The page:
Émilie’s blistered fingers probed the granite wall. The wind whipped her rope around. Her pulse was racing. Perched a hundred metres above Baie Éternité, she kept telling herself that she could do it—that she would conquer La Cavale, a 5.13b climbing route on Cap Trinité. “This is a really treacherous route. There are only a few bolts. You secure yourself as you go,” remembers the climber.
Although she ventured on this climb just for kicks away from the competition scene, Émilie Pellerin is one of Quebec’s most accomplished female rock climbing athletes and is pushing the limits of what it means to take to the sky. And she’s not alone—Quebec boasts several other talented female climbers. The seasoned Annie Chouinard also has several harrowing 5.14 climbs under her belt, including the challenging Come On in Orford. She makes up for her five-foot-one-inch reach with her iron will, creativity and focused training regimen.
“The way women can move their hips, their flexibility, is a real advantage,” notes Matthieu Des Rochers, Sports Director for the Fédération québécoise de la montagne et de l’escalade (FQME). He mentions the incredible focus and balance they display on their gravity-defying climbs. Mélissa Lacasse, who was a rock climbing coach for over 15 years, adds that beyond physical abilities, having technical foresight is key—if you can’t break down the climb, then you won’t get very far. With so much going for them, our only wish is to see more high-level female rock climbers scaling the rock faces of la Belle Province. Where are they hiding?
More Female Rock Climbers? Great, But…
Indoor rock climbing gyms in Quebec are actually overrun with women. In fact, they make up more than half of the clientele, according to Geneviève de la Plante, co-owner of the indoor climbing gym, Allez Up. However, outdoor rock climbing is a whole different ball game. In May 2020, women only accounted for 38 per cent of the FQME members subscribed to outdoor rock climbing sites. How can that be when Quebec is teeming with so many mountains and cliffs that are just begging to be explored? Go see for yourself—the Laurentians, Charlevoix, Saguenay and Bas-Saint-Laurent, to name but a few, are filled with notable rock walls.
“With so much going for them, our only wish is to see more high-level female rock climbers scaling the rock faces of la Belle Province. Where are they hiding?”
Since rock climbing has long been associated with mountaineering, a male-dominated world, many aren’t rushing to conclusions just yet. Change takes time. Émilie and Mélissa are unanimous: Chauvinism isn’t preventing women from putting themselves out there. “I can’t recall that many times when I felt out of place,” states Mélissa. As a matter of fact, the rock climbing community in Quebec is one of the most open and welcoming she has ever encountered.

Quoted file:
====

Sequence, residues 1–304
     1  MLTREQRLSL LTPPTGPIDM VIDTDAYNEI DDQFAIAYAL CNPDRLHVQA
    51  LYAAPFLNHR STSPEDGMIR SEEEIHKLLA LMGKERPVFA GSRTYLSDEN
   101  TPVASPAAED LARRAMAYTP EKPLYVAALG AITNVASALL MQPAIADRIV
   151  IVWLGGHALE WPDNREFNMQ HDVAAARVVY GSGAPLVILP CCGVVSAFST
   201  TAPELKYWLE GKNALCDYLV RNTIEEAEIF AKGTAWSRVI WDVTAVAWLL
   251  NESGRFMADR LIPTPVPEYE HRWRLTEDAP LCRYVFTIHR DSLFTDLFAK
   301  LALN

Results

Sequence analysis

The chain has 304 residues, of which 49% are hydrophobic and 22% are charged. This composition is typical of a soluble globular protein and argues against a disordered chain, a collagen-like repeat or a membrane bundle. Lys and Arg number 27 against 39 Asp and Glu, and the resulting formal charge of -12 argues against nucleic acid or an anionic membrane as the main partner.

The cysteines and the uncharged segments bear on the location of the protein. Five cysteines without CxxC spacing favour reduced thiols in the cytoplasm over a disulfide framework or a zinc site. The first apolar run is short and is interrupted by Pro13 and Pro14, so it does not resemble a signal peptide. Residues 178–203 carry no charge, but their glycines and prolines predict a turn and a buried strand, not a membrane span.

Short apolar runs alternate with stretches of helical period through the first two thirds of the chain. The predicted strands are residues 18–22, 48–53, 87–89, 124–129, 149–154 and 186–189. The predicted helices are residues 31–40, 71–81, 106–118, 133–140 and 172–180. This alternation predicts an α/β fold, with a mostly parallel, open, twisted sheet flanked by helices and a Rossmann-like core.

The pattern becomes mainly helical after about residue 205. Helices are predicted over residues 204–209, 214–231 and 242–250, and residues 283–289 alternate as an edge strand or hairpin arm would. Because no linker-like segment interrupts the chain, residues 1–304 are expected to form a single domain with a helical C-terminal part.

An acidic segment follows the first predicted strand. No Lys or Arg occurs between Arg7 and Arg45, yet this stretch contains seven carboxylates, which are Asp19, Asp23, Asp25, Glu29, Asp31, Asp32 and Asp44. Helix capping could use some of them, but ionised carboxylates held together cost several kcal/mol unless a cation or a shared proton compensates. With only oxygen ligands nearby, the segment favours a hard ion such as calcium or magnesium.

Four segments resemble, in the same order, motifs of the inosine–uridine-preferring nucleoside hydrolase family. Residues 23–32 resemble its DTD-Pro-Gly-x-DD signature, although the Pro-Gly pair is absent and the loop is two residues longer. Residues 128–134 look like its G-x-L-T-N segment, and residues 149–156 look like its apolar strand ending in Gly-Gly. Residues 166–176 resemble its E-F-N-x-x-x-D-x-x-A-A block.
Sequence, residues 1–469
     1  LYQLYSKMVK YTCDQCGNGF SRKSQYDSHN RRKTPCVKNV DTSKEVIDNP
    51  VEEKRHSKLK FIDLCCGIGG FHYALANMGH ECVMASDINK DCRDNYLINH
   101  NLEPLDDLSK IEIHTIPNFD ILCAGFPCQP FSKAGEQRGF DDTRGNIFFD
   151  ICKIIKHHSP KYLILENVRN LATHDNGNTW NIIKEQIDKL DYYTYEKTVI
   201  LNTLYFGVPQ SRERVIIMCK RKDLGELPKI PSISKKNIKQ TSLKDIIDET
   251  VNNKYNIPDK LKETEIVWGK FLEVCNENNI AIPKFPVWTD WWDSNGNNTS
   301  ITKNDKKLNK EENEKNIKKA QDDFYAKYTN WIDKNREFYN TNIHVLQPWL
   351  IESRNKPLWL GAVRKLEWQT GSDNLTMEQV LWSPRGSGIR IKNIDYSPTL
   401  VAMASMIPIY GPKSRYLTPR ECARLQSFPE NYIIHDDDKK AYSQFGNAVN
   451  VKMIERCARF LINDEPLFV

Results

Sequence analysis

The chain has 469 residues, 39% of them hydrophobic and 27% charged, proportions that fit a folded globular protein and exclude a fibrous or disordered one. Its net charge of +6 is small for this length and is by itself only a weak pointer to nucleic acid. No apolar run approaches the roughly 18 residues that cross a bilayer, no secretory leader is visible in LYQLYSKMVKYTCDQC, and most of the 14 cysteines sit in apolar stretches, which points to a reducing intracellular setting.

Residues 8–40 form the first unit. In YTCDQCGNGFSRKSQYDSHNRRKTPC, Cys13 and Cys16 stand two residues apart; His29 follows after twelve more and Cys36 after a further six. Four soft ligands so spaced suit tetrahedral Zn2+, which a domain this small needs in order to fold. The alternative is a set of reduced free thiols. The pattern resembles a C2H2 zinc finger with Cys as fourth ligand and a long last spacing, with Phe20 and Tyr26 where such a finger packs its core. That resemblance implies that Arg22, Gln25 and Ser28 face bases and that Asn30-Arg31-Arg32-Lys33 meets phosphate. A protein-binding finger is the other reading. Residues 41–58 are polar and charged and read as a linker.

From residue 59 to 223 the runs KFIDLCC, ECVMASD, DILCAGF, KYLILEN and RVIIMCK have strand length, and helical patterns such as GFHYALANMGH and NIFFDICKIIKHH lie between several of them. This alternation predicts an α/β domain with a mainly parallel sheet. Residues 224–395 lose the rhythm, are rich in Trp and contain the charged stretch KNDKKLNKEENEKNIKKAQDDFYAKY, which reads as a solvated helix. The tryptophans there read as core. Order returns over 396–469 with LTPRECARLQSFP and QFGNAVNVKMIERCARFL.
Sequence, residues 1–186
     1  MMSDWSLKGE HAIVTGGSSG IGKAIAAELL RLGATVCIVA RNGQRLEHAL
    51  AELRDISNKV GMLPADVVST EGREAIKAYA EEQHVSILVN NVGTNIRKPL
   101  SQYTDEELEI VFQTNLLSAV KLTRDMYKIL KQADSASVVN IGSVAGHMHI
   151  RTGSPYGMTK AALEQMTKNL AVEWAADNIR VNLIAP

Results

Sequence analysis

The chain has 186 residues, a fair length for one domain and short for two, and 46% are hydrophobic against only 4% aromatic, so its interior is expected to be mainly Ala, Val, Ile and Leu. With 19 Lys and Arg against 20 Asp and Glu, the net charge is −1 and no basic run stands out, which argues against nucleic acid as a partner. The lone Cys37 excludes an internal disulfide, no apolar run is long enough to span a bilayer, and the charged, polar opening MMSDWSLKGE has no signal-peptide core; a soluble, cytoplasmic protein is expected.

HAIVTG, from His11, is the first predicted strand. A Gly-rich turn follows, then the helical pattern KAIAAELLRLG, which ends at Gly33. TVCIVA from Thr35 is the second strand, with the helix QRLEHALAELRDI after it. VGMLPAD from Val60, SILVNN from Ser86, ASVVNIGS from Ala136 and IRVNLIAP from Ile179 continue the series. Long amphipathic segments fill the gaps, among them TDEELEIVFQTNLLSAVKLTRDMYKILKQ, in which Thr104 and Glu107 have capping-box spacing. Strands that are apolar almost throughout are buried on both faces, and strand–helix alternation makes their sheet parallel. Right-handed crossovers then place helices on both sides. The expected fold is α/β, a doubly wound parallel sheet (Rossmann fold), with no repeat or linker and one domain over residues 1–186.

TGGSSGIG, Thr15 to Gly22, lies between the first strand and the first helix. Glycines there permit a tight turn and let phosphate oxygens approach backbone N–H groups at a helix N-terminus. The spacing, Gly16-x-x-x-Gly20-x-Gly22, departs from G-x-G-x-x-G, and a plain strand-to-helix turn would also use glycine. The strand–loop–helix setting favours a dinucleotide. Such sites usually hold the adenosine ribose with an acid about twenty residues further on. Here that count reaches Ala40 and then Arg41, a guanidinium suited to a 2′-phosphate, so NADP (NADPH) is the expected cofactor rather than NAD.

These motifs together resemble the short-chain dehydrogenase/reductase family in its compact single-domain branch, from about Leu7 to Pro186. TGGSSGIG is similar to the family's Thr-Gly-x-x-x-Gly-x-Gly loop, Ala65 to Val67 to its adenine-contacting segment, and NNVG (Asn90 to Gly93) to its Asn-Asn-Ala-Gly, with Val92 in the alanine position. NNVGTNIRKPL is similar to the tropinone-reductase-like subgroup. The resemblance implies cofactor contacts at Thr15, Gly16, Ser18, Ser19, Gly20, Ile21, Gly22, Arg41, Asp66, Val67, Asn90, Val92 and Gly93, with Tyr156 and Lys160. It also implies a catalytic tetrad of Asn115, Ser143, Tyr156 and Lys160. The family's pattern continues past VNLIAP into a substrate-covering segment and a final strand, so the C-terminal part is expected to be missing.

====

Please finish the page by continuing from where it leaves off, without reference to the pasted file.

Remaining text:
Passing the Torch
Developing skills from a young age is what seems to be the crux of excelling at the sport. There is some good news—climbers are getting younger and younger according to Mélissa, who noticed a shift when the FQME started organizing provincial competitions in 2009. Rock climbers under the age of 12 currently make up the majority of the women who compete. Matthieu Des Rochers even drops a “things look promising.”
But the battle isn’t won just yet. The old saying “monkey see, monkey do” really holds true to its meaning here. Matthieu believes that creating a fair representation within the rock climbing community is key—it’s going to take a lot more female coaches, routesetters and judges to tip the scales.
That is exactly what Geneviève de la Plante was thinking when she created Bring In The Girls (B.I.G) in 2019, a not-for-profit organization that aims to create more gender equality among decision-makers in the sport. To do so, a series of workshops for routesetting—the placing of grips on the climbing wall—were offered to female climbers across Canada last year. “That’s how different rock climbing styles take root. Things become stagnant if there is little or no variety in routesetters,” explains Geneviève, who also wants to see more female coaches out there. “They [female rock climbers] are twice as likely to quit the sport between the ages of 15–16 than their male counterparts. They need to be able to talk to their coach about what they’re struggling with. It would probably be easier woman to woman.”
A new generation heeds the call, a shared vision and the means to get there—the sport now has a solid common ground to build upon. Hopefully, this newfound momentum will give us more Émilies, Annies and Mélissas ready to soar to new heights. Because they’re freaking good at it.